Riding the Rails in NZ – The TranzAlpine

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The wind in my hair. Sunshine on my face. Stunning scenery slipping by…

Okay, so it was actually more like wind strong enough to knock me over, soot in my hair, and chilly sun on my face… But the scenery was still stunning.

TranzAlpine, New Zealand

This was the scene in the outdoor viewing car on New Zealand’s TranzAlpine train, a 4.5-hour rail journey that takes passengers from Christchurch to Greymouth via Arthur’s Pass through the Southern Alps.

The TranzAlpine (part of NZ’s Tranz Scenic rail service) is listed as being one of the most visually stunning train rides in the world. And, while it’s been on my “next time” list for New Zealand for years now, I’ll admit to being a bit skeptical about all the superlatives used to describe the journey. New Zealand sometimes has a tendency to talk itself up quite a lot when it comes to tourism, after all.

But you know what? This may indeed be one of the most striking train rides in the world.

TranzAlpine, New Zealand

TranzAlpine, New Zealand

The journey starts in Christchurch, and heads out over the sprawling Canterbury Plains. The train stops in a few outlying farming towns, inching ever closer to the Southern Alps that can be seen looming protectively on the horizon.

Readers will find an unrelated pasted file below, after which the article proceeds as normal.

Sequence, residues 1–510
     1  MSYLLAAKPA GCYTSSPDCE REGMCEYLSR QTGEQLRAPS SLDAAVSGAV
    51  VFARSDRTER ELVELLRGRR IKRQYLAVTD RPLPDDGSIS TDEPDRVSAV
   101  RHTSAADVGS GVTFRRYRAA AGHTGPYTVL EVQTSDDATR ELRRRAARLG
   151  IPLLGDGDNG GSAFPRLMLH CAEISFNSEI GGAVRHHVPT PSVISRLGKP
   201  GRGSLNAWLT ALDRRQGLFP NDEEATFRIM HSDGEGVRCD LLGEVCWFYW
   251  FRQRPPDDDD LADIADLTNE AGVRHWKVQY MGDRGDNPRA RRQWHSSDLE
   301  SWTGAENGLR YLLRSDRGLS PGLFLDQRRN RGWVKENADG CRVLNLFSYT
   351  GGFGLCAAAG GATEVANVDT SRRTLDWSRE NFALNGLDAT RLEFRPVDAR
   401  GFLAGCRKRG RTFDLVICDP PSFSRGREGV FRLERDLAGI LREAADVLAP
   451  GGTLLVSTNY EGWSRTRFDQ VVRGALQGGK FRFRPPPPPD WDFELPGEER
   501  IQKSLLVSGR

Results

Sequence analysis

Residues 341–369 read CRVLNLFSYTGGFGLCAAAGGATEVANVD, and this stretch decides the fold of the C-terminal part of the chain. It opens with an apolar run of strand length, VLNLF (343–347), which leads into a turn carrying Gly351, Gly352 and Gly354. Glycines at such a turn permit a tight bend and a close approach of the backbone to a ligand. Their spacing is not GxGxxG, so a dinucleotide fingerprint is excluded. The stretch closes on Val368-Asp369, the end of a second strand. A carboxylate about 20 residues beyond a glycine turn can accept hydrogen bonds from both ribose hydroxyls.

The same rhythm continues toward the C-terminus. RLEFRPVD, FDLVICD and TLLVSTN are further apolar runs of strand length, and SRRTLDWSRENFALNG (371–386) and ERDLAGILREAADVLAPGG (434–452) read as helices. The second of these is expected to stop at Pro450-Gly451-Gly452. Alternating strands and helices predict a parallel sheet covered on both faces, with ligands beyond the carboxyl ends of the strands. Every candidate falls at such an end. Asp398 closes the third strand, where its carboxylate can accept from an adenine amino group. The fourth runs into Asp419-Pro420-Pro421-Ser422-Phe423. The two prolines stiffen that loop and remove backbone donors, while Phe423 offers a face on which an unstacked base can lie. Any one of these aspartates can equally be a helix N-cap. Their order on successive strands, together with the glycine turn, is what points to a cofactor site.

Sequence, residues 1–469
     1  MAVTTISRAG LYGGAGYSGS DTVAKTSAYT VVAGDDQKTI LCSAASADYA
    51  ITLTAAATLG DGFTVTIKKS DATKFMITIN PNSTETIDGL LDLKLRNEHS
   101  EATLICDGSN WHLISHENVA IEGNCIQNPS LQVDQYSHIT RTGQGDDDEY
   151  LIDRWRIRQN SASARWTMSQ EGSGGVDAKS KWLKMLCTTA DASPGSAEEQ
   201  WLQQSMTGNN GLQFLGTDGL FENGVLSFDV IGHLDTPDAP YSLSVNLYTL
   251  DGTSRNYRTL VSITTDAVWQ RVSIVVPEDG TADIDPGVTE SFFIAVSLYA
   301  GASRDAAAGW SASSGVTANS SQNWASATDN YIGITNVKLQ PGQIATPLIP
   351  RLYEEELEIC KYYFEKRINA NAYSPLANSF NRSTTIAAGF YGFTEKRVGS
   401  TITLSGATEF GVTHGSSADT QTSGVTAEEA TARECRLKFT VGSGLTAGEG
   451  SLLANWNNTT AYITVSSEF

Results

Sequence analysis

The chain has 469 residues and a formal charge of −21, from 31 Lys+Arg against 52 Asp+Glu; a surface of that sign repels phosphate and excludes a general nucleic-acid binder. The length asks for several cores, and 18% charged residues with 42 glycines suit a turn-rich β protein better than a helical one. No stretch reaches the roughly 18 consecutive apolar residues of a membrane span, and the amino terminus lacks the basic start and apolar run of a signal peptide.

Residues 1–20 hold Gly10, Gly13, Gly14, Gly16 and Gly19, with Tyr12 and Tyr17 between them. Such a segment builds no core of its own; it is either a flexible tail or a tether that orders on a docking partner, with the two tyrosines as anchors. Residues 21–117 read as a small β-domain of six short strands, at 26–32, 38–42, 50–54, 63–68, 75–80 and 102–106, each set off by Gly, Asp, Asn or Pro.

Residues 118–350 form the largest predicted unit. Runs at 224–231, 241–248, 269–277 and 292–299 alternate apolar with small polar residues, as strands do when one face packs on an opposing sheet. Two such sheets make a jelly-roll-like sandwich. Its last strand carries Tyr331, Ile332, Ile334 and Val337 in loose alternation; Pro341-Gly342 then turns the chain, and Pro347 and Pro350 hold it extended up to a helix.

TranzAlpine, New Zealand

I unfortunately missed the first dusting of snow on the Alps by a few days, but the peaks nonetheless contrasted nicely with the rich green of the plains.

TranzAlpine, New Zealand

Eventually, we were hurtling along a track winding along a river gorge, passing over what seemed like rickety bridges with a blue-green Waimakariri River meandering along far below.

TranzAlpine, New Zealand

TranzAlpine, New Zealand

Views of the gorge and river were constantly cut off as we darted in and out of a series of tunnels, the smell of diesel engine exhaust hanging thick in the dark tunnel air. I would discover later just how dirty this soot made my hair… But, at the time, nothing could have kept me in my seat.

TranzAlpine, New Zealand

The scenery quickly changed from plains to mountains, and I spent most of the time in the open-air viewing car, snapping photos and trying not to lose my hat in strong gusts of wind.

TranzAlpine, New Zealand

I was glad that I was taking this journey at the end of autumn, because the colors were bright and rich — reds, oranges, yellows, greens… and always the deep brown of the mountains.

TranzAlpine, New Zealand

We passed through towns like Cass and Otira — tiny, almost-ghost-towns with populations you could sometimes count on one hand. I love the ruggedness of New Zealand and the fact that it still has so many untouched areas… but I still don’t think I would ever be persuaded to live in one of these railroad towns.

TranzAlpine, New Zealand

The train’s route eventually took us through even more new scenery, including a few wide river valleys, which we crossed on a series of low-slung bridges.

TranzAlpine, New Zealand

Clouds began to form on the other side of the Southern Alps, signifying our nearing the West Coast, which only added to the drama of the landscape. If I could have slowed time down, I would have. It was that beautiful.